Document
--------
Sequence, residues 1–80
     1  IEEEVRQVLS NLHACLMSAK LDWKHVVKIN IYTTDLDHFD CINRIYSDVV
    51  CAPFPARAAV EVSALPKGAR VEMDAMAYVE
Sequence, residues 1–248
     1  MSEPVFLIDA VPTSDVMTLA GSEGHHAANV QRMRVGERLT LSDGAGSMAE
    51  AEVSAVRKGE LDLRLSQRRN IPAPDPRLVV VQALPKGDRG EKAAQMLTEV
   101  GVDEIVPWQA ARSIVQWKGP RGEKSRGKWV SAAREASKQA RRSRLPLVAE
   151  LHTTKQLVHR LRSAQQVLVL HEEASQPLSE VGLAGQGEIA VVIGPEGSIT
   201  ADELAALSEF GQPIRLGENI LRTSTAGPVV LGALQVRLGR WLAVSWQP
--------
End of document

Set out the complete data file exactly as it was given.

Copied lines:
Sequence, residues 1–80
     1  IEEEVRQVLS NLHACLMSAK LDWKHVVKIN IYTTDLDHFD CINRIYSDVV
    51  CAPFPARAAV EVSALPKGAR VEMDAMAYVE
Sequence, residues 1–248
     1  MSEPVFLIDA VPTSDVMTLA GSEGHHAANV QRMRVGERLT LSDGAGSMAE
    51  AEVSAVRKGE LDLRLSQRRN IPAPDPRLVV VQALPKGDRG EKAAQMLTEV
   101  GVDEIVPWQA ARSIVQWKGP RGEKSRGKWV SAAREASKQA RRSRLPLVAE
   151  LHTTKQLVHR LRSAQQVLVL HEEASQPLSE VGLAGQGEIA VVIGPEGSIT
   201  ADELAALSEF GQPIRLGENI LRTSTAGPVV LGALQVRLGR WLAVSWQP